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Home » What's New » An In-depth Look at Color Blindness

An In-depth Look at Color Blindness

Color vision problems are a generally hereditary condition which inhibits the ability to distinguish between color tones. Color blindness is caused by a deficiency in the cones in the eye's retina, commonly preventing a person from being able to differentiate variants of green or red, but occasionally affecting the perception of additional shades as well.

The discernment of color is dependent upon cones found in the eye. People are commonly born with three kinds of cones, each perceiving different wavelengths of color tone. This is similar to the wavelengths of sound. With pigment, the length of the wave is directly associated with the perceived color tone. Long waves produce reds, middle-sized waves produce greens and shorter waves produce blues. The pigmented cone that is missing has an impact on the nature and severity of the color deficiency.

Because it is a gender-linked genetically recessive trait, red-green color deficiency is more common in males than in females. Still, there are a small number of females who do suffer some degree of color vision deficiency, particularly yellow-blue color blindness.

Color vision problems are not a devastating condition, but it can harm educational progress and work performance. Missing the ability to see colors as fellow students do could quickly devastate a student's self-image. For individuals in the workplace, color blindness could present a drawback when running against colleagues in certain fields.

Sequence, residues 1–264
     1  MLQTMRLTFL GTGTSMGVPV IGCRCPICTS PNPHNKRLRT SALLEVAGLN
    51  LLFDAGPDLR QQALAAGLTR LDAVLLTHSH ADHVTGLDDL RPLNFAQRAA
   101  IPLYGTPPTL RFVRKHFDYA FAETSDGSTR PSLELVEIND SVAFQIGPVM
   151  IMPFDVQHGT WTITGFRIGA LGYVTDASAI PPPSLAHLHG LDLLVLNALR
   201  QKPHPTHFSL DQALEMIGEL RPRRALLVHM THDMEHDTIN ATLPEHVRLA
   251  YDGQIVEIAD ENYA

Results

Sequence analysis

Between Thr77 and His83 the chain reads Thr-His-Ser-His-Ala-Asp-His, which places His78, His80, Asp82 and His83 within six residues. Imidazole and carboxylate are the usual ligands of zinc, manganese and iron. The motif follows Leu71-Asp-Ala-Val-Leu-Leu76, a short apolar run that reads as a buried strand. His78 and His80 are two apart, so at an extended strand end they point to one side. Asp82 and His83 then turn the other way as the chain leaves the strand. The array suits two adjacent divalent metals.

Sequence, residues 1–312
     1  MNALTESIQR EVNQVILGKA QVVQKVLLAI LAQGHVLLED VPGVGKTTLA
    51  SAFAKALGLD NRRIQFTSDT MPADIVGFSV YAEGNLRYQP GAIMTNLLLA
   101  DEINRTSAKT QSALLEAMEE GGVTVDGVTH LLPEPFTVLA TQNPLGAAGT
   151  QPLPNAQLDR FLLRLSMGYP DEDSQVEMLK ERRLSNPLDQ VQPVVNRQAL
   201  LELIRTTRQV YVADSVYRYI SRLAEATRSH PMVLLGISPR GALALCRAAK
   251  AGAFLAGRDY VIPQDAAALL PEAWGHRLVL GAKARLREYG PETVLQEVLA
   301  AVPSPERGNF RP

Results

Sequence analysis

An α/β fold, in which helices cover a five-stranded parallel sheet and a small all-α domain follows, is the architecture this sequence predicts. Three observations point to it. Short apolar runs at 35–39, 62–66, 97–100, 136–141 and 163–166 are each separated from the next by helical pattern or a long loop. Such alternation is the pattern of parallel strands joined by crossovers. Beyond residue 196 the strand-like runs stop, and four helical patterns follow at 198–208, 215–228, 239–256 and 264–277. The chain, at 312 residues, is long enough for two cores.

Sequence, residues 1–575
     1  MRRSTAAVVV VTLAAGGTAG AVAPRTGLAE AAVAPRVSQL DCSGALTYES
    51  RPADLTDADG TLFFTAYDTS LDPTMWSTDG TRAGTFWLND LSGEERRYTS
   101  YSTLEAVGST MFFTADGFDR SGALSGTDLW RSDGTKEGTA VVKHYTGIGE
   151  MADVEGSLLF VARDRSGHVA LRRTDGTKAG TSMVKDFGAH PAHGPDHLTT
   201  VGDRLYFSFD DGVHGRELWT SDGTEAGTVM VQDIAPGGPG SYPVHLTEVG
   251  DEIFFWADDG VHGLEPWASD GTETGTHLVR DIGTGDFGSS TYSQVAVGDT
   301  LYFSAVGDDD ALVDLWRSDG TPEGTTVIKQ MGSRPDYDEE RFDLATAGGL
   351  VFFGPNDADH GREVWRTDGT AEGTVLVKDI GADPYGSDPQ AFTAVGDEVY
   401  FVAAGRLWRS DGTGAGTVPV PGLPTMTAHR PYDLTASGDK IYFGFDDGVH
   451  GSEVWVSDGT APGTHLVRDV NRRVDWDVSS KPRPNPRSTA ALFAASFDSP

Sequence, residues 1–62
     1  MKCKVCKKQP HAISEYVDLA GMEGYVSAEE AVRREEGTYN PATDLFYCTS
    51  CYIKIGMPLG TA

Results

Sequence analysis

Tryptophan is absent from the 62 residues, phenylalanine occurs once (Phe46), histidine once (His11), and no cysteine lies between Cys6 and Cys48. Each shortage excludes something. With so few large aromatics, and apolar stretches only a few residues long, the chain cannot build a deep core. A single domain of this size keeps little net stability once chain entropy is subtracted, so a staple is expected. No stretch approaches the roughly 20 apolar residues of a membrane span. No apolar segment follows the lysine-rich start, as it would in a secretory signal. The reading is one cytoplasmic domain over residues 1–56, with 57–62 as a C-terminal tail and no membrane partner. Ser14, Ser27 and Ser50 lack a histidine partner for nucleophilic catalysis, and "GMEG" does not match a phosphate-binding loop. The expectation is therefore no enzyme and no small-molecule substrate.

There are a number of examinations for color blindness. The most common is the Ishihara color test, called after its inventor. In this test, a plate is shown with a group of dots in a circle in various colors and sizes. Within the circle appears a number in a particular shade. The individual's capability to see the number within the dots of clashing shades indicates the level of red-green color blindness.

While inherited color vision deficiencies can't be treated, there are a few measures that can help to make up for it. For some, wearing colored contacts or glasses which minimize glare can help people to perceive the differences between colors. More and more, computer programs are becoming available for standard personal computers and for smaller devices that can assist people to differentiate color better depending upon their particular condition. There are also promising experiments underway in gene therapy to improve the ability to perceive colors.

The extent to which color blindness limits an individual depends on the variant and severity of the condition. Some patients can adapt to their deficiency by learning substitute clues for colored objects or signs. For instance, many people learn the order of traffic lights or contrast items with reference objects like a blue body of water or green plants.

If you suspect that you or a family member might be color blind it's advised to get tested by an eye doctor. The earlier a diagnosis is made, the sooner you can help. Feel free to call our Overland Park, KS eye doctors to schedule an exam.